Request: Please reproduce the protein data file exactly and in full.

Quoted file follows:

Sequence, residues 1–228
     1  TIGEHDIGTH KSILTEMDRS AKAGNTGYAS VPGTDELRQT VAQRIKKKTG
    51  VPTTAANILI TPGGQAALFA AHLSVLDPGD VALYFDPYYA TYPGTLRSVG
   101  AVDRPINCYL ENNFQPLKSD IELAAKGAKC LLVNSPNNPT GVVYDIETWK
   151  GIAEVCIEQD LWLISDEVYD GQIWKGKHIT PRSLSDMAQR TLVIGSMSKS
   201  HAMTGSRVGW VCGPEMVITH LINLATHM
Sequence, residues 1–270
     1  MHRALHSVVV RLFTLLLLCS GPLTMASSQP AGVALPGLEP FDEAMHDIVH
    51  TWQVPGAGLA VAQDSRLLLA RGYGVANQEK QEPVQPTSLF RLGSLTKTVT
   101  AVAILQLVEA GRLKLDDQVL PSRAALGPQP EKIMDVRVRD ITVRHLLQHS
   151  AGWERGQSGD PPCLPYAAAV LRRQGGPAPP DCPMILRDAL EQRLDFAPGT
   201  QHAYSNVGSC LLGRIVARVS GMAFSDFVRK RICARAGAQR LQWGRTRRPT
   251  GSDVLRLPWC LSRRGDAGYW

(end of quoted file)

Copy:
Sequence, residues 1–228
     1  TIGEHDIGTH KSILTEMDRS AKAGNTGYAS VPGTDELRQT VAQRIKKKTG
    51  VPTTAANILI TPGGQAALFA AHLSVLDPGD VALYFDPYYA TYPGTLRSVG
   101  AVDRPINCYL ENNFQPLKSD IELAAKGAKC LLVNSPNNPT GVVYDIETWK
   151  GIAEVCIEQD LWLISDEVYD GQIWKGKHIT PRSLSDMAQR TLVIGSMSKS
   201  HAMTGSRVGW VCGPEMVITH LINLATHM
Sequence, residues 1–270
     1  MHRALHSVVV RLFTLLLLCS GPLTMASSQP AGVALPGLEP FDEAMHDIVH
    51  TWQVPGAGLA VAQDSRLLLA RGYGVANQEK QEPVQPTSLF RLGSLTKTVT
   101  AVAILQLVEA GRLKLDDQVL PSRAALGPQP EKIMDVRVRD ITVRHLLQHS
   151  AGWERGQSGD PPCLPYAAAV LRRQGGPAPP DCPMILRDAL EQRLDFAPGT
   201  QHAYSNVGSC LLGRIVARVS GMAFSDFVRK RICARAGAQR LQWGRTRRPT
   251  GSDVLRLPWC LSRRGDAGYW